Evening Sun, 08/27/06
Littlestown police launch blog
The Evening Sun
By Kristen Milton
Evening Sun Correspondent
Littlestown police officers say their new blog is a way of reaching the public. But they have thus far failed to reach local police officials, who say they have not read the Internet postings.
The blog (short for "web log") is the work of the Littlestown Borough Police Officers' Association. Contributors have been working off duty to set up the site, which offers a report of a recent burglary and a link to a state assessment of the department as well as biographies of all six officers. Much more is planned, including "tip forms" where the public can anonymously notify officers of problems, crime prevention advice and comments on community trends.
Calling himself "a lone ranger" in the department, Police Chief Donald Baker said Thursday that he had not been consulted about the site, which debuted earlier this month, and did not intend to read its postings.
"I don't know what it is or what's the reason for it," Baker said. "To me it's just another thing out there – another person's opinion."
Mayor Donna Shadle, who is responsible for supervising the department, had also not seen the site this week. "I know nothing about it," she said. "I don't use computers."
Officer Joseph Henry, who authored the Aug. 13 burglary piece, said he and his colleagues set up the site as a way of beginning a dialogue with Littlestown residents, especially in the wake of a review by the Governor's Center for Local Government Services. The evaluation, issued in May, called for hiring an additional full time officer and creating a detective position as well as recommending management training for Baker and improved prisoner holding and evidence storage facilities, though it said the department provided "fundamentally sound crime control and public safety services." According to a blog posting by an unnamed officer, the association supports the review's findings.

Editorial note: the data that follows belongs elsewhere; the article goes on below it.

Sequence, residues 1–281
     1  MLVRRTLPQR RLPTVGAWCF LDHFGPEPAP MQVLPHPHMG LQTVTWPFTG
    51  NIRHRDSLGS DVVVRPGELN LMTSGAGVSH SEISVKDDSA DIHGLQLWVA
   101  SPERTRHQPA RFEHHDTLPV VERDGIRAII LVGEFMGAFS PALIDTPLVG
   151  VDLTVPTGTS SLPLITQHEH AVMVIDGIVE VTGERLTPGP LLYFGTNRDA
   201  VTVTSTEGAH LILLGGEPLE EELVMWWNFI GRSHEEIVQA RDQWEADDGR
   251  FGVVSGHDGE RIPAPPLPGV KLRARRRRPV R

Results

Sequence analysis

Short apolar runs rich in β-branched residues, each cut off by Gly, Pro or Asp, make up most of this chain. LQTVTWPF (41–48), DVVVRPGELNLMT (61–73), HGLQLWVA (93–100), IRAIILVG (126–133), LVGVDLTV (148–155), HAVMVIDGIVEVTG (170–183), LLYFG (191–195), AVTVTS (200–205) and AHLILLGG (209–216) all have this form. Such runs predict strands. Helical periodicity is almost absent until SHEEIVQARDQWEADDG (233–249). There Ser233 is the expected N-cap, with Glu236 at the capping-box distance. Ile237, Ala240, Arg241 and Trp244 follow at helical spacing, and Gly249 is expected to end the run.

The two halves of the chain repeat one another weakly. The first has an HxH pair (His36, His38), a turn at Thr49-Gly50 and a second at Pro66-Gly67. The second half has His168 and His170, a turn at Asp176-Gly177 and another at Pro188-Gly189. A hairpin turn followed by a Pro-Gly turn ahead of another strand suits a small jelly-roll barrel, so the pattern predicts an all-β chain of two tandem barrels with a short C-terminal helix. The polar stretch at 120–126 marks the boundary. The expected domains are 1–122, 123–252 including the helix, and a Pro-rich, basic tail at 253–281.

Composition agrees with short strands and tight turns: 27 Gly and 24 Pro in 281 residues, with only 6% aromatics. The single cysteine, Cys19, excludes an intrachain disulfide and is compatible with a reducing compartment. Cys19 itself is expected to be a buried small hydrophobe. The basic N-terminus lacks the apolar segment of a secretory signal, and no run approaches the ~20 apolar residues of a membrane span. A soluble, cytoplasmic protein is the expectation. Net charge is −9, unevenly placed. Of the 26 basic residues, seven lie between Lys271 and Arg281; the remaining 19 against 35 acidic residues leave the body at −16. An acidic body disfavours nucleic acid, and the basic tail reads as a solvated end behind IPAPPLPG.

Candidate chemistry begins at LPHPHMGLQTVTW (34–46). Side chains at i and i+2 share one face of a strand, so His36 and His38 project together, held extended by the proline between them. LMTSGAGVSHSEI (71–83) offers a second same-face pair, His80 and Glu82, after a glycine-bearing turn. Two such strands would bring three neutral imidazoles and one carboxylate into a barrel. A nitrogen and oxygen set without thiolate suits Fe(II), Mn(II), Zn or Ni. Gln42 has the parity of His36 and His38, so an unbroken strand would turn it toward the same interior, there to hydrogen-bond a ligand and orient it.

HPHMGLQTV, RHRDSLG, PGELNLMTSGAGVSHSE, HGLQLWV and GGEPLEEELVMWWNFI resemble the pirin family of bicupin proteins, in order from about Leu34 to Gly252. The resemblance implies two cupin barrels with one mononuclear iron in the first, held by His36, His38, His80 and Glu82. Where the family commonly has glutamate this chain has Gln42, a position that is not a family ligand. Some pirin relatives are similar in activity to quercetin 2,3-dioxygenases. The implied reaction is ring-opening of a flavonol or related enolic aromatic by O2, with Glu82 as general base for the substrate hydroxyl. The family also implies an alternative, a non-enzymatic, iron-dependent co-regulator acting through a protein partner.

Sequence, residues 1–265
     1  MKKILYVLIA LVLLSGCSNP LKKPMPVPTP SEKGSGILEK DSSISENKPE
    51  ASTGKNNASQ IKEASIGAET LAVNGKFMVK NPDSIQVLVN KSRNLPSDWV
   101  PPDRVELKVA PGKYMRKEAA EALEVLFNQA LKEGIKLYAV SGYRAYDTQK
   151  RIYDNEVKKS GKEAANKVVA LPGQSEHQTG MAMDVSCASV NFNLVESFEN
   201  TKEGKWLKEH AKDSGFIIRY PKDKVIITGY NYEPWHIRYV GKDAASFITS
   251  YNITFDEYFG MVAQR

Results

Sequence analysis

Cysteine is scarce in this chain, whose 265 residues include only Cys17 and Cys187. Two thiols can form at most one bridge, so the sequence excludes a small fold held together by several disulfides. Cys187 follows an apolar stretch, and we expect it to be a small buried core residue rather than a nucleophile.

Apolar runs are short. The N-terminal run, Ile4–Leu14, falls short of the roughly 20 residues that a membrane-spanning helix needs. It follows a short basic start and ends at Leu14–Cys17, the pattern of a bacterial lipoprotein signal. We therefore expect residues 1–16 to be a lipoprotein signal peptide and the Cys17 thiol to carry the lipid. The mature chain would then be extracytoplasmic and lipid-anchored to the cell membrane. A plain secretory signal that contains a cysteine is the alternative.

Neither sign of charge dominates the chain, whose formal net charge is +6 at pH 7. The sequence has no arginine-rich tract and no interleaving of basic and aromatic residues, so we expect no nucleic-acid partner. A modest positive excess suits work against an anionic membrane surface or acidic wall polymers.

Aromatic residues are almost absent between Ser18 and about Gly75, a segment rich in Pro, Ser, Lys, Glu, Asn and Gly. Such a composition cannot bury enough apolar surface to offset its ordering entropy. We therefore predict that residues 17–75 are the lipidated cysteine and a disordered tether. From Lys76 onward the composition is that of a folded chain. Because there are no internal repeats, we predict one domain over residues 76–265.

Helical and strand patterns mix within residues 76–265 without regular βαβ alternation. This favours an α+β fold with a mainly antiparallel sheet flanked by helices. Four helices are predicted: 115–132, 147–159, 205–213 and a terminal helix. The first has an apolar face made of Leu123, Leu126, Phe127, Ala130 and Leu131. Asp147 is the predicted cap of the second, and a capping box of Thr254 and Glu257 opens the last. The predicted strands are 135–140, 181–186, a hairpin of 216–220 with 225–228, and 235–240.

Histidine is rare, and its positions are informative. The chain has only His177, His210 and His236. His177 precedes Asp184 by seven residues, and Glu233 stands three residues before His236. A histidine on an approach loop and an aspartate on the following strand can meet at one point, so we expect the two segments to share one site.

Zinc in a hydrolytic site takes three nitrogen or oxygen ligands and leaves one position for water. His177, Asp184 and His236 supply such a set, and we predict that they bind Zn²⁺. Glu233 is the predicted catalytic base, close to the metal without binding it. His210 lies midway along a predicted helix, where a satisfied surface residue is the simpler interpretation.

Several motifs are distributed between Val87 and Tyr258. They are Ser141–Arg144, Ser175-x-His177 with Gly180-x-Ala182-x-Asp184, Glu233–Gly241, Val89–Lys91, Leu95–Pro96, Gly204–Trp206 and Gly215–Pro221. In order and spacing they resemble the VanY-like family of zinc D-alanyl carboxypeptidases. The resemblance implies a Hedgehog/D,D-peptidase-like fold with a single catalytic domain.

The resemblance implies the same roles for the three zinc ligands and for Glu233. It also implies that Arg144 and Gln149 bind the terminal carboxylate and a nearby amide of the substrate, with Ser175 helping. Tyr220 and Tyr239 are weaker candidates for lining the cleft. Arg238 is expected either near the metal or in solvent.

The report is available in the library and through the borough offices but Henry said officers have heard little feedback.
"We just want to create a two-way communication forum," Henry said. "People can be hesitant to approach an officer in uniform but if they can write a little form and send it in (perhaps they will). In the computer age, this is a socially acceptable way of communication."
Thus far the conversation has been one-sided. As of Thursday evening, there was only one non-police posting to the site.
However the single civilian poster was complimentary of the police association's effort.
"Thank You for this forum," the anonymous poster wrote, "so that citizens of the boro may have the opportunity to be 'another set of eyes' to help the department keep the community safe and as crime free as possible."
Councilman Ben Ricci, who suggested the formation of a "Police Planning Committee" in part to respond to the state review and who maintains his own blog, was hesitant to say much about the new addition to Littlestown's Internet offerings, as were other government officials.
"I think its value is yet to be seen; it's really in its infancy," Ricci said Tuesday. "(The officers) have the right to do it and it may be helpful as far as community feedback. I will say if you look at other police association Web sites, this doesn't seem to be in the same spirit."
Ricci did not elaborate.
Henry said officers would allow the site to speak for itself as they continue to add to its offerings.
"The position of the association is that police work is not a position of privilege but a position of service," he said. "This is another way of trying to communicate with the community."
To read the Littlestown Borough Police Officers' Association blog go to lbpoa.blogspot.com.